2nd-generation CT unit slashes CCTA radiation dose

A second-generation 320-detector-row CT scanner can significantly lower radiation dose during coronary CT angiography (CCTA) procedures while maintaining a high level of image quality, according to research published online in Radiology.

Researchers from the National Institutes of Health evaluated CCTA radiation exposure and image quality on a second-generation 320-slice CT system in more than 100 patients and found dramatic reductions in both median radiation dose and median size-specific dose estimates, as compared with a first-generation system.

"Minimizing radiation exposure while maintaining diagnostic-quality scans is clearly feasible with this new second-generation 320-detector-row CT scanner," wrote lead author Dr. Marcus Chen and colleagues. "The low dose achieved during CT angiography could be used to minimize overall radiation dose to the patient or to enable additional types of imaging (e.g., perfusion imaging) within reasonable radiation doses" (Radiology, January 22, 2013).

The researchers performed contrast-enhanced CCTA on an Aquilion One Vision CT system (Toshiba Medical Systems) for 107 adults with a mean age of 55.4. Imaging was performed with a gantry rotation time of 275 msec, and images were reconstructed with a 512 x 512 matrix, 0.5-mm-thick sections, and 0.25-mm increments using adaptive iterative dose reduction (AIDR) 3D software (Toshiba) and asymmetric conebeam reconstruction.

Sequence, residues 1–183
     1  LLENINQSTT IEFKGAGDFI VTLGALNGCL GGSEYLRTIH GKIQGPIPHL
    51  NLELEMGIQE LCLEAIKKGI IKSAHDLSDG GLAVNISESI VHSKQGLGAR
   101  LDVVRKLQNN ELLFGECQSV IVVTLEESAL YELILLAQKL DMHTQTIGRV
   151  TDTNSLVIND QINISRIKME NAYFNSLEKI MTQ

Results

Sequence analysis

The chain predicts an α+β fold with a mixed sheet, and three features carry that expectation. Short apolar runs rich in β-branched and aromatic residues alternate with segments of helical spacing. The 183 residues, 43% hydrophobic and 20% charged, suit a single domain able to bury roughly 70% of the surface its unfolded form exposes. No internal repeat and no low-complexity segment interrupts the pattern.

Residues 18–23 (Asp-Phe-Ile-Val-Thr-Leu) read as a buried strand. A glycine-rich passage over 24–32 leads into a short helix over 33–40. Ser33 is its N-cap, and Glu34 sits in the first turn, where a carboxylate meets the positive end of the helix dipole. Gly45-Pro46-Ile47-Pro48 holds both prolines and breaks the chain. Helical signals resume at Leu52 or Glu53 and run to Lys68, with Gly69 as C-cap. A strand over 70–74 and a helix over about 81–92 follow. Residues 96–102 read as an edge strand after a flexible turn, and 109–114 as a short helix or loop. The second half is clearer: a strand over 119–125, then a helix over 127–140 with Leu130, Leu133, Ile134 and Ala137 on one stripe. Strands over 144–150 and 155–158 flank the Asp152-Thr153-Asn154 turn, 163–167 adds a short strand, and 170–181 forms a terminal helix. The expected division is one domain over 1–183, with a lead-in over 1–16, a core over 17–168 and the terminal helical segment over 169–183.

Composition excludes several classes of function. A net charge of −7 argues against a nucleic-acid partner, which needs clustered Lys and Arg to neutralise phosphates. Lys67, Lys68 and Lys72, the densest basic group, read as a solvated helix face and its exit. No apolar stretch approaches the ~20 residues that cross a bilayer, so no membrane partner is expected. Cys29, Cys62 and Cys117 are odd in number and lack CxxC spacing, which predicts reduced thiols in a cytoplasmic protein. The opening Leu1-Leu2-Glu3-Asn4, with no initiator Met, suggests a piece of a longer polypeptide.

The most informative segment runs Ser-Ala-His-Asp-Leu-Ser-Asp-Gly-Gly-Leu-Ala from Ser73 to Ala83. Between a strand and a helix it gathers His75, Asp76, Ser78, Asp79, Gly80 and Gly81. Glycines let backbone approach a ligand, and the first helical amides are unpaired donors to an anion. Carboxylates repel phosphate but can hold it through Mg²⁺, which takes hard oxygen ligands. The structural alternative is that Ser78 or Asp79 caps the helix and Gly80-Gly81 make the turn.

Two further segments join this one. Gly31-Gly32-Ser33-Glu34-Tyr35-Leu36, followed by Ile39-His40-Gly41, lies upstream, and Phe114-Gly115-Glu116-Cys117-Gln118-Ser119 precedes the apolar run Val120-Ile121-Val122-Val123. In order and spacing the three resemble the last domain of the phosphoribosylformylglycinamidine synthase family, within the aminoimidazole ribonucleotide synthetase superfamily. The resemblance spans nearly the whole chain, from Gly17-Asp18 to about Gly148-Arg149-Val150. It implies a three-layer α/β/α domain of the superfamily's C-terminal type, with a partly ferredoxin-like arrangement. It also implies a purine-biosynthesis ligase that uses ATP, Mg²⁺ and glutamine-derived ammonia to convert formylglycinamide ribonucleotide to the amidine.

They then retrospectively compared the radiation exposure and image quality to those of CCTA exams previously performed on a separate cohort of 100 patients using a first-generation 320-slice scanner. The CT parameters were similar.

The researchers estimated effective radiation dose by multiplying the dose-length product by an effective dose conversion factor to produce size-specific dose estimates (SSDE). Two experienced cardiovascular imaging physicians evaluated image quality independently and in a blinded fashion.

1st-generation scanner 2nd-generation scanner
Median radiation dose 2.67 mSv 0.93 mSv
Median SSDE 13.2 mGy 6.0 mGy

In other findings, overall radiation dose was less than 0.5 mSv for 23 (21.5%) of the 107 CCTA exams, less than 1 mSv for 58 (54.2%), and less than 4 mSv for 103 (96.3%).

The readers reported that all studies were of diagnostic quality, with most having excellent image quality. The mean image quality score ranged from 3.63 ± 0.49 to 3.84 ± 0.42 on a scale of 1 (unevaluable, with severe artifacts rendering diagnostic interpretation impossible) to 4 (excellent, no significant artifact).

"The combination of a gantry rotation time of 275 msec, wide volume coverage, iterative reconstruction, automated exposure control, and larger x-ray power generator of the second-generation CT scanner provides excellent image quality over a wide range of body sizes and heart rates at low radiation doses," the authors concluded.

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